An official website of the United States Government Here's how you know

Official websites use .gov

A .gov website belongs to an official government organization in the United States.

Secure .gov websites use HTTPS

A lock ( ) or https:// means you’ve safely connected to the .gov website. Share sensitive information only on official, secure websites.

Hello everyone, and welcome to the Sign@State Symposium.

I’m glad you’re with us today to celebrate the contributions of Deaf and hard of hearing employees of the State Department.

And I’m honored that you’re interested in joining our team. At State we grapple with big challenges every day, like how to resolve and prevent conflict, how to ensure everyone has access to safe, effective COVID-19 vaccines, how to stand with human rights defenders and journalists in the countries where they’re under attack.

For generations, Deaf and hard of hearing diplomats have helped us tackle global challenges like these.

They served domestically and abroad, in embassies and consulates around the world, and worked on every region of the globe.

They’ve negotiated treaties, worked in intelligence, strengthened our public diplomacy. They’ve also made our internal teams more effective and inclusive, from providing human resources support to communicating with more than 75,000 employees worldwide.

Everywhere they’ve worked, they’ve advanced U.S. foreign policy.

They’ve made our Department better and helped make progress toward a future that’s more stable, secure, and equitable — for Americans and people everywhere. To build that better future, this Department needs people from diverse backgrounds working in every field. That includes Deaf and hard of hearing diplomats.

America’s diversity is one of our greatest strengths. And to fully represent the United States, our teams have to be as diverse as our country, including on the front lines of diplomacy.

Time and again, we’ve seen how diversity makes our teams smarter, more innovative — and, just as important for diplomacy, better at putting ourselves in other people’s shoes. Deaf and hard of hearing diplomats represent Americans of every race, religion, background — and from every part of our country. People who use American Sign Language make up an important linguistic minority that enriches our country, our government, and our Department. And our Deaf and hard of hearing colleagues bring Deaf Gain to U.S. foreign policy by sharing their unique skills, experiences, and perspectives.

Later today, you’ll meet Doug Surette. He’s a Foreign Service Information Management Specialist and an expert in cybersecurity who helps protect our posts overseas.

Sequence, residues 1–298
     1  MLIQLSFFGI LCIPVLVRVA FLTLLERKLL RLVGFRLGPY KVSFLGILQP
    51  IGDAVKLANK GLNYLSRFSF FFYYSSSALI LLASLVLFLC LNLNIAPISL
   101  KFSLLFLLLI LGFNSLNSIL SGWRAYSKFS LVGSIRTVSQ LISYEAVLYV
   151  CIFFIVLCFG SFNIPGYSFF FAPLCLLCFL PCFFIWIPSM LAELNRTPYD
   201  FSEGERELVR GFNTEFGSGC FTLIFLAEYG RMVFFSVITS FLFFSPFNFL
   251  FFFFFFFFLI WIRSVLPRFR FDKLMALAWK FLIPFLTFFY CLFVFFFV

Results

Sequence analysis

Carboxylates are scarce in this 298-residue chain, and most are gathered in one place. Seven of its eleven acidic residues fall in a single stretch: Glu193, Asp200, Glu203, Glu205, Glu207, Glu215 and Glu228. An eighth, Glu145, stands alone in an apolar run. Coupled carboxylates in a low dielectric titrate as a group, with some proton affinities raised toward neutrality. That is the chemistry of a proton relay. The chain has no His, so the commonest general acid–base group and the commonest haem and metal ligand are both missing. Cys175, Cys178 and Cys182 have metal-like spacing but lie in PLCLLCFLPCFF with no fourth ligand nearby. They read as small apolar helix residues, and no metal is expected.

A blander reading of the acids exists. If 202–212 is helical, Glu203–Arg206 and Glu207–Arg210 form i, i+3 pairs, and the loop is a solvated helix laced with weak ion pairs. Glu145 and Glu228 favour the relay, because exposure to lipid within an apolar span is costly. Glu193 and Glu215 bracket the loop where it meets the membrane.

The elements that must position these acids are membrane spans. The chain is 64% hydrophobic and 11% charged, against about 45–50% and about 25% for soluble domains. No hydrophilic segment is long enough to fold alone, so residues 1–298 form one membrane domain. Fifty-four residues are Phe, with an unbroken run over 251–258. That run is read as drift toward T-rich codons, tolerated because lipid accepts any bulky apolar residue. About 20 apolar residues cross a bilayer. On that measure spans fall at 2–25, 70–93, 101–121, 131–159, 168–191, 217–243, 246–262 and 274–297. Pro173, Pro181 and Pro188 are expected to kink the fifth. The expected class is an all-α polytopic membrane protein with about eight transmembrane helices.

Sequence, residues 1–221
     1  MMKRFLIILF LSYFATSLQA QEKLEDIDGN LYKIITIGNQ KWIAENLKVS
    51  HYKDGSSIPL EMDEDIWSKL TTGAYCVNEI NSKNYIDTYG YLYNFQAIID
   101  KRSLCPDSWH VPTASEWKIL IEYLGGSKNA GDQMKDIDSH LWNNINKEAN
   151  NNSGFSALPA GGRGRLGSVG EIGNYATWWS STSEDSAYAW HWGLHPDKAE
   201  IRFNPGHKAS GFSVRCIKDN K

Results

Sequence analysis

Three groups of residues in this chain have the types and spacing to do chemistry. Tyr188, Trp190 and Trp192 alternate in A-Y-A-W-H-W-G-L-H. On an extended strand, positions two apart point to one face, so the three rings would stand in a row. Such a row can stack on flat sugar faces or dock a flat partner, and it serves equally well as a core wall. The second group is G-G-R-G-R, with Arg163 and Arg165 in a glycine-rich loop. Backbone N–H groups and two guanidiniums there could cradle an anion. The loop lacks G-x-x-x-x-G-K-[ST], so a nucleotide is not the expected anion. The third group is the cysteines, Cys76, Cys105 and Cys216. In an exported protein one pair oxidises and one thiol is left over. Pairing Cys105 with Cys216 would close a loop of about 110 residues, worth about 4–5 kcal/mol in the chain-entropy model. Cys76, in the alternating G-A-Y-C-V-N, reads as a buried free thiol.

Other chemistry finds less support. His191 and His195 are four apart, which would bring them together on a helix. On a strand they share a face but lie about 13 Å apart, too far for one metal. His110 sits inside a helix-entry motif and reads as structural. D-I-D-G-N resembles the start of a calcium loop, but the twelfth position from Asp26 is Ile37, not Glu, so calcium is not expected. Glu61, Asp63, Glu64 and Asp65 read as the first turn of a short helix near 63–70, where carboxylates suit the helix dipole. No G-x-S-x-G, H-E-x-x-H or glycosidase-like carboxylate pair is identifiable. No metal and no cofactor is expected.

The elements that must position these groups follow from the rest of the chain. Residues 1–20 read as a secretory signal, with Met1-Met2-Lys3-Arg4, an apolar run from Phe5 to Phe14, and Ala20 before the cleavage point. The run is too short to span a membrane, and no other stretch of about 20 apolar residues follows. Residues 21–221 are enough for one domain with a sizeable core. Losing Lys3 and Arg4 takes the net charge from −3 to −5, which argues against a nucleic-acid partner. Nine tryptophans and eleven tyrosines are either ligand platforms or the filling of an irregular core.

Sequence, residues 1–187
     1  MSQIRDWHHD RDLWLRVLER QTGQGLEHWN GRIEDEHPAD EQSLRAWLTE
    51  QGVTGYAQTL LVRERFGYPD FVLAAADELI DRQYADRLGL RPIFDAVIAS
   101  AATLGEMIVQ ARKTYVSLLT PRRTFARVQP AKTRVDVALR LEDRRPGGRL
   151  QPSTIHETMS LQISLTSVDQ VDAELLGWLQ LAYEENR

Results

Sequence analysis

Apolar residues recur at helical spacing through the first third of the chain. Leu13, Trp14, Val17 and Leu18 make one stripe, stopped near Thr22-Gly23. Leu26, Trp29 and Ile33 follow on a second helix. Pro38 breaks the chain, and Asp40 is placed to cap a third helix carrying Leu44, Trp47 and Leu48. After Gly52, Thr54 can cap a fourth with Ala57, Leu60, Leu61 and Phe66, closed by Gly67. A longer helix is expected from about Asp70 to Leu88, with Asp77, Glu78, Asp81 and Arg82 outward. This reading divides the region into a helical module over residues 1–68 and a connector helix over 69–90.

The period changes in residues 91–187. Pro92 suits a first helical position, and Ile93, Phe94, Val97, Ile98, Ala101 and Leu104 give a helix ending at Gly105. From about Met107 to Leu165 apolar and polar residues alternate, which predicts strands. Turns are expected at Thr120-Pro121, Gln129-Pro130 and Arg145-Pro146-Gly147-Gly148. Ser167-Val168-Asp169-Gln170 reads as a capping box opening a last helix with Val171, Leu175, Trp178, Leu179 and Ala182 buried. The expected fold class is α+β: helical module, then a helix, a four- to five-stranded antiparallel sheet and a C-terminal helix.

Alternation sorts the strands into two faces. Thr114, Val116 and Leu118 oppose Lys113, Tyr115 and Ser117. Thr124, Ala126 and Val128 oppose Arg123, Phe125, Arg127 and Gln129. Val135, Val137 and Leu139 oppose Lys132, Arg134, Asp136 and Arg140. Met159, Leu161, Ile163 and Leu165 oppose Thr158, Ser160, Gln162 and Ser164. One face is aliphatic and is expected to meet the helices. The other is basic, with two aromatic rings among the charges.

His career has taken him from Europe to Asia. And everywhere he’s gone, he’s made friends in the signing community. In Moldova, he helped advocate for the rights of the Deaf and hard of hearing, working with a Deaf school, engaging university students, challenging stereotypes — things he was able to do because he’s a Deaf diplomat, not in spite of it.

Our Department — and our country — are more secure because of outstanding public servants like Doug. And our foreign policy is stronger because diplomats like him build meaningful relationships and help represent America’s strength in diversity abroad. But too often, the State Department hasn’t been as inclusive as it needs to be.

We’re committed to changing that. That’s why, last year, I appointed Ambassador Gina Abercrombie-Winstanley to be our first Chief Diversity and Inclusion Officer. Together, we’re working hard to make sure that the State Department is more equitable and accessible, including for deaf and hard of hearing employees. We’re providing sign language interpreters for employees and applicants alike.

When we hold workforce events, including my town halls and roundtables, we include ASL interpretation and live captioning.

We’re exploring ways to incorporate sign languages into our policies for language training and testing. And it was a Deaf employee – Angela Cannella – who worked with her colleagues to propose and create a new, dedicated Departmental working group for Deaf Inclusion. We’re also committed to bringing these values into our foreign policy and supporting Deaf, hard of hearing, and signing communities around the world. We work closely with advocates and governments to help improve accessibility abroad, from supporting efforts to create legal accessibility standards, to offering financial assistance for organizations empowering Deaf and hard of hearing communities.

Today, you’ll get a chance to learn about these topics and more, and to meet several Deaf and hard of hearing diplomats. We’ll also explain the different application processes, including new paid internships that we’re launching this fall.

And by the end, if we succeeded in our mission, you’ll see a place for yourself at the State Department. We’d be lucky to have you. And so, thank you, and I hope to welcome you to the State Department.

U.S. Department of State

The Lessons of 1989: Freedom and Our Future